(Steller sea lions photo by Bill Bartlett)
Our weather was dry with calm winds, not always the case for Alaska summers by any means. The skies were dark overcast making wildlife spotting easier. After docking we walked to The Inn at Whittier, new in the last 5 years but lots of charm and stunning harbor views.
To reach our next stop, Seward, we have to taxi 36 km to Girdwood (this must be carefully arranged) to board Alaska Railroad’s 08:05 Coastal Classic arriving at 11:05, also in ample time for the 13:30 Orca Sound cruise of the Kenai Fjords. Actually, we have time to check in at Hotel Seward, within walking distance of anywhere you will want to go. We took in the fine brunch with fresh seafood offerings before our walk to the harbor.
(Orcas photo by Bill Bartlett)
It is amazing what you can see in only 3.5 hours on Resurrection Bay. Without exception all on board will best remember the Dall’s porpoises who played incessantly alongside the boat. Our weather was vastly improved from the day before entirely free of clouds. This gave us spectacular views of the Chugach and Kenai mountain ranges and their high alpine glaciers. Bear Glacier (a piedmont glacier) and the largest in the vast Park (2,712 km2) was particularly striking. Collectively the passengers must have taken a few thousand photos of the afternoon adventure. I know I took 346.
As entertaining as the porpoises were, we could hardly believe the show put on by the Orcas (killer whales) who danced and sang within a meter or two of our boat. Not 10 or 20 or 30 Steller Sea Lions, but hundreds throughout the afternoon were perched on what seemed like every available rocky ledge. Only three days and Alaska has wowed us.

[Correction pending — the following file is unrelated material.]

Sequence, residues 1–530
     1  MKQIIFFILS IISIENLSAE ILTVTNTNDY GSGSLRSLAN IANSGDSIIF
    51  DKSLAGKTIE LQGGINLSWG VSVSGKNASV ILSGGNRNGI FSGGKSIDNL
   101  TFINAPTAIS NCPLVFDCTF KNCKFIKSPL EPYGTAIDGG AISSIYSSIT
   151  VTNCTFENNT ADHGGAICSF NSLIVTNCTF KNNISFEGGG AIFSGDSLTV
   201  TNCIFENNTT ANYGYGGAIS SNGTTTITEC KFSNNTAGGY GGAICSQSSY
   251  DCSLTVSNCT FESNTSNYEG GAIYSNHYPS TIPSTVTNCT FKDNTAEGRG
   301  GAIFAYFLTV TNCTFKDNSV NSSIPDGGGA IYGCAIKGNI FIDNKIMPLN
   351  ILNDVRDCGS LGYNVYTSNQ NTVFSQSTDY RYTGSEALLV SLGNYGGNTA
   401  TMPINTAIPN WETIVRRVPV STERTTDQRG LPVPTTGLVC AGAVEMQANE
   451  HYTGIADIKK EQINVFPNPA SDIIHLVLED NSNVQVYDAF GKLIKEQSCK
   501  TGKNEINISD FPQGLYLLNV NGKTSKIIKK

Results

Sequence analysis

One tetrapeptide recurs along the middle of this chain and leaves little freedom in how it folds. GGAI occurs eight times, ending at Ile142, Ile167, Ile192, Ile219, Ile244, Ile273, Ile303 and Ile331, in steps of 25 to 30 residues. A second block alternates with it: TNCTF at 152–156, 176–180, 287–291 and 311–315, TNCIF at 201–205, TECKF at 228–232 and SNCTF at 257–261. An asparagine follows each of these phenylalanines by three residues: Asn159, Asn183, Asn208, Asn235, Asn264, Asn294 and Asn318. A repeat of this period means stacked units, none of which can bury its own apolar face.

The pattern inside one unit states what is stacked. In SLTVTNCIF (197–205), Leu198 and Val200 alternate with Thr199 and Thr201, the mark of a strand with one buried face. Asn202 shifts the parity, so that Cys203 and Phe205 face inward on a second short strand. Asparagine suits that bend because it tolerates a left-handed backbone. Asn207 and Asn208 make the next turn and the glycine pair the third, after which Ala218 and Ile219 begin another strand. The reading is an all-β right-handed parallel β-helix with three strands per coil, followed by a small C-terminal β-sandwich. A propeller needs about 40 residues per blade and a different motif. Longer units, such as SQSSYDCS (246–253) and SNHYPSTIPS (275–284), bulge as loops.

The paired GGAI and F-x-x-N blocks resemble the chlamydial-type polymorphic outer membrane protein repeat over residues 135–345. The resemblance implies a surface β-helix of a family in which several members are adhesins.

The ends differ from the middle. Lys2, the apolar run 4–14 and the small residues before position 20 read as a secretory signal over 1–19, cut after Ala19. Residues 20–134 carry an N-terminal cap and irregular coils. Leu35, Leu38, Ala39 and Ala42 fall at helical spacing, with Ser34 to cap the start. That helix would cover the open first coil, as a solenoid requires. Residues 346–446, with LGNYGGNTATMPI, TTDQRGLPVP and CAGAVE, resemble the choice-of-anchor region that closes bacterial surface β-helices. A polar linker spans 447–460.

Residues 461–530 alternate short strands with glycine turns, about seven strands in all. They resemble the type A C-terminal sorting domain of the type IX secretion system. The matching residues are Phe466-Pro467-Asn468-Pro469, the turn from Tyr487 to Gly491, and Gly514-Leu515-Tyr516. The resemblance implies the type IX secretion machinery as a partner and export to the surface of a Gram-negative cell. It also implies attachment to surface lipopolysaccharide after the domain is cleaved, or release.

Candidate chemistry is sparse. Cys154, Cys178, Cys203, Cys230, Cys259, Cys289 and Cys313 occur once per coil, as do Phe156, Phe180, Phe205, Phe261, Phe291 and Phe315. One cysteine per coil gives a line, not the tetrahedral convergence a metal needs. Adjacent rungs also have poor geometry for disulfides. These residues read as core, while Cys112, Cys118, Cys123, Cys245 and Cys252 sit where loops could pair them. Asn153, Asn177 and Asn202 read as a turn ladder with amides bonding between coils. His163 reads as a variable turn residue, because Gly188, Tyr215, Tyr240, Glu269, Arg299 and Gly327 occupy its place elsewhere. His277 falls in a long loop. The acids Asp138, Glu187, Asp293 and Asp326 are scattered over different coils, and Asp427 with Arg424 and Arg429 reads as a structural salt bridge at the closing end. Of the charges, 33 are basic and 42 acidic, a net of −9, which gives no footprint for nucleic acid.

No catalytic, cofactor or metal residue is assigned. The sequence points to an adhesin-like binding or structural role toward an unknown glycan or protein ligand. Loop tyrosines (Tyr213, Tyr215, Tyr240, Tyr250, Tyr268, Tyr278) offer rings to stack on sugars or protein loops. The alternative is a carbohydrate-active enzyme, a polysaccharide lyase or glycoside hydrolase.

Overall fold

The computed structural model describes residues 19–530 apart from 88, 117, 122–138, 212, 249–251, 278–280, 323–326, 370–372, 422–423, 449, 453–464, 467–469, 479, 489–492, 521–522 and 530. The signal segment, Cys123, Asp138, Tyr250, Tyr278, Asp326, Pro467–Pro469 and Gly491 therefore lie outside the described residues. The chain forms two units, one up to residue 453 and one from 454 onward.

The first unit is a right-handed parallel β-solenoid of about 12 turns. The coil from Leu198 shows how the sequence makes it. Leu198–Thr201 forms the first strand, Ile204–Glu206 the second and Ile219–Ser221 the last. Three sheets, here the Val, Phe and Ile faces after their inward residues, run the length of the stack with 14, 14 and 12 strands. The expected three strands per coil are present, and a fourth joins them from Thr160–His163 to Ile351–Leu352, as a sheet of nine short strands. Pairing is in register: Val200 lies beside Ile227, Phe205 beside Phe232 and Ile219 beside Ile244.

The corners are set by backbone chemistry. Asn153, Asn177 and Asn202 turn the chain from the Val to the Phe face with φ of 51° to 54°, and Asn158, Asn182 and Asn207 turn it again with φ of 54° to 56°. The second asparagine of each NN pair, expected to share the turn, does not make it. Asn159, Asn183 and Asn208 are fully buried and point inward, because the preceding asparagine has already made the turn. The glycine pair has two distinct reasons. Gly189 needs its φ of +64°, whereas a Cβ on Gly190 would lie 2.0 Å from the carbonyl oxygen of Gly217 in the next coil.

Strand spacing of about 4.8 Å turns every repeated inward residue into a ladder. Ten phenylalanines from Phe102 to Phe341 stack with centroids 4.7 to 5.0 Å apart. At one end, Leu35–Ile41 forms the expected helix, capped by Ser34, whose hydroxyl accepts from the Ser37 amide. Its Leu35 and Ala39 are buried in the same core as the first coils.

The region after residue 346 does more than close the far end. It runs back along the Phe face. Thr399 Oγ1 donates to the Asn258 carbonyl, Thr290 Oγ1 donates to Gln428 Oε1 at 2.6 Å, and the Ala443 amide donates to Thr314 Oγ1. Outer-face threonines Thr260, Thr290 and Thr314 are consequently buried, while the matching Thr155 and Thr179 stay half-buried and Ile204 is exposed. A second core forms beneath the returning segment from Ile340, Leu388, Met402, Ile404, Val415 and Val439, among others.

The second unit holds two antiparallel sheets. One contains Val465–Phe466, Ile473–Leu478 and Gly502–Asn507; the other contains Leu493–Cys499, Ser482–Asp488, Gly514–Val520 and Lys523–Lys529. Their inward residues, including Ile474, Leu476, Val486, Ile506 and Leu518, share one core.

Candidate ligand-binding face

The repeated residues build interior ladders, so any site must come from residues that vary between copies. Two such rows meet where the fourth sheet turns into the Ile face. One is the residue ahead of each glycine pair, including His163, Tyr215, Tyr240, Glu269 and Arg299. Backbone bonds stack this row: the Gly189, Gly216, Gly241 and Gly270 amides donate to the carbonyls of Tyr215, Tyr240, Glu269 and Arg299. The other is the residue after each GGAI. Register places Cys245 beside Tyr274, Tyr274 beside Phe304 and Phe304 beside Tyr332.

(Porpoise photo by Bill Bartlett)
We had all of the next day to explore Seward, a small (2,830) city but rich in Alaskan history. Like all of Alaska, Seward is meant to be enjoyed outside where it is surrounded literally by glaciers and impressive mountains that includes 921m Mt. Marathon literally at Seward’s door. We chose to spend it mainly at the harbor bulging with fully functional commercial fishing trawlers interrupted by a steady summer intrusion of large cruise ships. None were in port that day, thankfully.
In the afternoon following a late lunch at
the superb Smoke Shack, we
visited the Alaska Sealife Center,
important to Alaskans. It is small and only mildly interesting. It helped fill
the time until the 18:00 train to Anchorage which arrived promptly (as always)
at 22:15. Another night at Copper Whale where we fell fast asleep from two
extraordinary days in the Alaskan wild.
(1 - to follow)Read part 2
* BILL BARTLETT (Bill is Managing Director of Cascade
Travel & Photo in Central Oregon. Texas is the first of a series of 4
articles for foglieviaggi. Bill has traveled to 58 countries on 6 continents.
His travel focus is history and architecture.
Look for Mississippi – From Top to Bottom to appear